Father of passwords regrets the advice he gave

Commentary: Bill Burr thought he gave the right advice about password creation. He's decided he was wrong.

Chris Matyszczyk
2 min read

 Technically Incorrect offers a slightly twisted take on the tech that's taken over our lives.

Cyber Security Concerns In The Global Wake of Hacking Threat

Random isn't as random as you thought.

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The people who offer wisdom sometimes sit down a little later and think: "Oops." This seems to have happened to Bill Burr. 

The former National Institute of Standards and Technology manager is regarded as the father of the modern password.

In 2003, he advised all government departments that passwords should be an entirely random string of letters and symbols. The sorts of things that (you'd imagine) no one could guess and you could never remember. 

It turned out that these are easier for hackers to crack than, say, weird words that you can actually remember. Like "gobbledegook." Or "nincompoop." (Not that I'm suggesting those precise words as passwords, you understand.)

Over the years, people seem to have used similar techniques to create their "random" combinations, which made them actually less random.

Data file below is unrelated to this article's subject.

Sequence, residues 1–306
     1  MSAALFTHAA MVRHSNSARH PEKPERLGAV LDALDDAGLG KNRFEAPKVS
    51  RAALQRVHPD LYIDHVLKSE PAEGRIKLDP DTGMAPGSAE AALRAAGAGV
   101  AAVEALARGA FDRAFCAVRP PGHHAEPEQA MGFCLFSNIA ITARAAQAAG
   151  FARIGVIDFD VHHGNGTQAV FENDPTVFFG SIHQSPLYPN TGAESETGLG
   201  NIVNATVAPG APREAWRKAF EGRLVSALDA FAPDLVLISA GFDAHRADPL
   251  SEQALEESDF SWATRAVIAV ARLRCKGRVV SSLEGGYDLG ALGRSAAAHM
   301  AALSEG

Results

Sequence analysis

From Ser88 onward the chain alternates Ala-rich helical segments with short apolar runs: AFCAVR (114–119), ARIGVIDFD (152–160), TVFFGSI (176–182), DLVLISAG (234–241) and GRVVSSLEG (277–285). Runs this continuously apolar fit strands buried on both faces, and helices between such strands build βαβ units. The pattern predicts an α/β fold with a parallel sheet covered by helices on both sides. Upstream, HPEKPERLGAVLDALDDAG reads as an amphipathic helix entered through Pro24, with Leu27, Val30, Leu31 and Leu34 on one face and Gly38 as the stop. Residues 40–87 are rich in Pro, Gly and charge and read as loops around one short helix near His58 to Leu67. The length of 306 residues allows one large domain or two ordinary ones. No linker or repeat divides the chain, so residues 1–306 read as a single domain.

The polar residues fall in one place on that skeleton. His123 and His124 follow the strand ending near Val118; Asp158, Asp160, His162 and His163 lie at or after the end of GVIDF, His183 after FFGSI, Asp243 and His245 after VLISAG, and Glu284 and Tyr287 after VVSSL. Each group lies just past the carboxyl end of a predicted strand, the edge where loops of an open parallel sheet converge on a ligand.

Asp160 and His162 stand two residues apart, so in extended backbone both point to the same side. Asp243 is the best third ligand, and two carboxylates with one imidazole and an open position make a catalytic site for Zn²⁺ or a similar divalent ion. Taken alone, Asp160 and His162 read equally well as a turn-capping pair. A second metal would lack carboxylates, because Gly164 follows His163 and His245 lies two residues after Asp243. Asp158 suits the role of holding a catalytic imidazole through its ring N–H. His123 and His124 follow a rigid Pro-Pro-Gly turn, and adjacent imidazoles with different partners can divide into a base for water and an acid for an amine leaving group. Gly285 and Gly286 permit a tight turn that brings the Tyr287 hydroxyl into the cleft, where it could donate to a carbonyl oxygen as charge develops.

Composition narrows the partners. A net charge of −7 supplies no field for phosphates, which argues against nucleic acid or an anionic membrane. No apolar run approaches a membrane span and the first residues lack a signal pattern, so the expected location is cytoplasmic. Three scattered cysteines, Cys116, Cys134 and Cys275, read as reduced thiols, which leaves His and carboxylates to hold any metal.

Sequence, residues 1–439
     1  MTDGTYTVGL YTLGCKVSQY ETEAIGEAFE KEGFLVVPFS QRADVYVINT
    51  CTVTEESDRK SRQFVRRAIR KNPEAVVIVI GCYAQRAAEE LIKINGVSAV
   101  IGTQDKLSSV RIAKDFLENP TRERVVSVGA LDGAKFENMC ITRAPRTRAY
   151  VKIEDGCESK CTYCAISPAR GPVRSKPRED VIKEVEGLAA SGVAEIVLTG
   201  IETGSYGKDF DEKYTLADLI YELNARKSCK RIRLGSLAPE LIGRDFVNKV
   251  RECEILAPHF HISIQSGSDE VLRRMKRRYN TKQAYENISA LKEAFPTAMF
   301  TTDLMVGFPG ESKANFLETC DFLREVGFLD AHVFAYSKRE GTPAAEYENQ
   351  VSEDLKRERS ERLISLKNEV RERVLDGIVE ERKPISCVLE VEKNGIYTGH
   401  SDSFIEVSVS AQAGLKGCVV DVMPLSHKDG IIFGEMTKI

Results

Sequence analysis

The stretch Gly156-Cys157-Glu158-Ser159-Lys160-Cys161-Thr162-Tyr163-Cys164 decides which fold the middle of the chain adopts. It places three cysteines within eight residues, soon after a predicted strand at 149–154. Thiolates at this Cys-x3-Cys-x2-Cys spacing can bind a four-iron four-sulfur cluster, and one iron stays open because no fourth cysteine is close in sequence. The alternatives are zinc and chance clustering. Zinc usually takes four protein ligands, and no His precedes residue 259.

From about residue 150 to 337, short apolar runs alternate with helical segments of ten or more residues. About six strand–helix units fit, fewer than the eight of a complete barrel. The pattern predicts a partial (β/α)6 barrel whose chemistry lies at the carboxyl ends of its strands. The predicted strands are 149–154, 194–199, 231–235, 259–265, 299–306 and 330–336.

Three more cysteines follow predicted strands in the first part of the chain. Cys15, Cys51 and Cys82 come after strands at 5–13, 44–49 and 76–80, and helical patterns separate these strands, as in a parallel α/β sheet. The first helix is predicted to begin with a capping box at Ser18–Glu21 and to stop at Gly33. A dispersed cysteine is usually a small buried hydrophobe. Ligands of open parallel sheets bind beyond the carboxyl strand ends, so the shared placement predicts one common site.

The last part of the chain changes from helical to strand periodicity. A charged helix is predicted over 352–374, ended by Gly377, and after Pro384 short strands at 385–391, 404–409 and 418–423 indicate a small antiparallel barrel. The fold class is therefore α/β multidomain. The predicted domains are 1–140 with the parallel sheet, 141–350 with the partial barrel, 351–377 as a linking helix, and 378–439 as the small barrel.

"It's probably better to do fairly long passwords that are phrases or something like that that you can remember than to try to get people to do lots of funny characters," Burr told CBS News

He admitted he had regrets. "I think I could have done a better job of figuring out some of the things that we now know, or at least of guessing them," he said. 

Perhaps it's best not to be too hard on yourself, sir.  Years ago, I thought we'd all end up working for Microsoft . I also watched every episode of "The Bachelor." 

Still, what other wise thinking might we have been given in 2003 that doesn't look so wise now?

Why, the US seems to have advised itself in that year that it would be a good idea to invade Iraq. The Recording Industry Association of America filed copyright lawsuits against internet users for using the web to, gosh, download music. 

Bill Gates thought it might be exciting for Microsoft and Google to merge. And airlines thought that it was wise to withdraw Concorde from civilian flight.

When you look back, you mumble: "We think we're a lot smarter than we really are, don't we?"

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